The Bank of Canada’s effort to tamp down on inflation is having its expected impact on B.C.’s housing marketing.
The province posted 8,934 residential unit sales last month – down a whopping 34.9 per cent compared with the record sales seen in April 2021, according to Multiple Listing Services data provided by the B.C. Real Estate Association on Thursday.
The sharp decline in sales isn’t translating to lower prices amid tight supply at this point.
The average sales price of a B.C. home jumped 12.9 per cent year over year to land at $1.065 million.
Increases in Greater Vancouver home prices couldn't quite match the momentum of the province as a whole, rising 10.7 per cent to land at $1.34 million.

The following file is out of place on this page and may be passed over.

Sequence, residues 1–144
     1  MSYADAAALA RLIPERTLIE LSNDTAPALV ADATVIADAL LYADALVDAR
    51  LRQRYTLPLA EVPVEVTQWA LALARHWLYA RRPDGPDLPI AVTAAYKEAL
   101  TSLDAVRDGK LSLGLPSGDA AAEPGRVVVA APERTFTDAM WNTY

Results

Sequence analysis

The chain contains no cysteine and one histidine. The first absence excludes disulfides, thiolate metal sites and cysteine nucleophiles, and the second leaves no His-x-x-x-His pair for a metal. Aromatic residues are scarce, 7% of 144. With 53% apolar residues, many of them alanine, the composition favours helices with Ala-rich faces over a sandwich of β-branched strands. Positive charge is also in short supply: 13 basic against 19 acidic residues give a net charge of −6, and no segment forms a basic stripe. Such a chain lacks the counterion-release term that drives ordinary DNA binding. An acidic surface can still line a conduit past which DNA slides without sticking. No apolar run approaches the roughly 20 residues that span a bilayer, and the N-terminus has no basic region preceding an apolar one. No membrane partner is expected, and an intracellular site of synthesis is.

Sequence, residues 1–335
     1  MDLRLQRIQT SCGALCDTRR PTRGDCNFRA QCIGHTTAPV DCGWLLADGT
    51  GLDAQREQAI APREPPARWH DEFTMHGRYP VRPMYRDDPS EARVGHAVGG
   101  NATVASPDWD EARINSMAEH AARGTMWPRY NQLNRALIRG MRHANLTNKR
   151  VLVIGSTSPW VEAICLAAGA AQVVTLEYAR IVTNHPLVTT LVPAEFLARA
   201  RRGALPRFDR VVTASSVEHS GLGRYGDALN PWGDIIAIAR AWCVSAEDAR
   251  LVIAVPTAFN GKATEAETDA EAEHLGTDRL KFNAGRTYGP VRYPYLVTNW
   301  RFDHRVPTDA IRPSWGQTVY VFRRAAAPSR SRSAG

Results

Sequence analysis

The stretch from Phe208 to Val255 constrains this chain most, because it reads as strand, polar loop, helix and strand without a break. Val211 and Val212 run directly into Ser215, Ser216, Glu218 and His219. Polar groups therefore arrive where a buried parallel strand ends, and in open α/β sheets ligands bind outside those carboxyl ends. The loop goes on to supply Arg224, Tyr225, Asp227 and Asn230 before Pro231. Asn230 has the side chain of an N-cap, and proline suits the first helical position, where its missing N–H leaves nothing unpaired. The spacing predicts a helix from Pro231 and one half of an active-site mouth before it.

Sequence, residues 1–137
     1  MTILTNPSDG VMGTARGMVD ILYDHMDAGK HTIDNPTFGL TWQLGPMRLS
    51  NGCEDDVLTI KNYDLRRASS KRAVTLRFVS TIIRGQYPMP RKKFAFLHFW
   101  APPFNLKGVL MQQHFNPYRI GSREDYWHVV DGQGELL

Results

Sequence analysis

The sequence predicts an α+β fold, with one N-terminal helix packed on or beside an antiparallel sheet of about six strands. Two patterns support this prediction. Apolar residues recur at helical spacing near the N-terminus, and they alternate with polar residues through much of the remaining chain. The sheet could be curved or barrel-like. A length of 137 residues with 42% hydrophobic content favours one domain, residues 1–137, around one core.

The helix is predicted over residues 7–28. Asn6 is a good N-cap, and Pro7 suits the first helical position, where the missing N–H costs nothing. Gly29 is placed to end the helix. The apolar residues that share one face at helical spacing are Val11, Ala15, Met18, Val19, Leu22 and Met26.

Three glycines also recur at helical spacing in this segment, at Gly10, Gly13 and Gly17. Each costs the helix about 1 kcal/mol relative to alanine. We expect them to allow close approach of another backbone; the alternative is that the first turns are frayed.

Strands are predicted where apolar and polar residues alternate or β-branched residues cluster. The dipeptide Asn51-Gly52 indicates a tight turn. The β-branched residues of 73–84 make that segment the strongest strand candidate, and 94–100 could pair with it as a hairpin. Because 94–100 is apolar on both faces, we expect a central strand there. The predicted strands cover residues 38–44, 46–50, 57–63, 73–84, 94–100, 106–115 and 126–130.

The South Peace region in the Interior was the only spot in the province to experience a decline in prices, falling 15.3 per cent to land at $259,831.
“Interest rates are on the rise, and the ultra rate-sensitive Canadian housing market is responding. Sales are falling fast and prices will follow,” CIBC economists Benjamin Tal and Katherine Judge said in a note Wednesday, referring to Canada as a whole.
“The return to balanced conditions or even a buyers’ market will not cure what ails the Canadian housing market. It will just ease the symptoms for a short period of time. In fact, if history is a guide, the slowing ahead might worsen the supply-demand mismatch in the market.”
The economists, who estimate housing demand is being undercounted by 500,000 households, said the biggest challenge ahead is ensuring there’s adequate supply.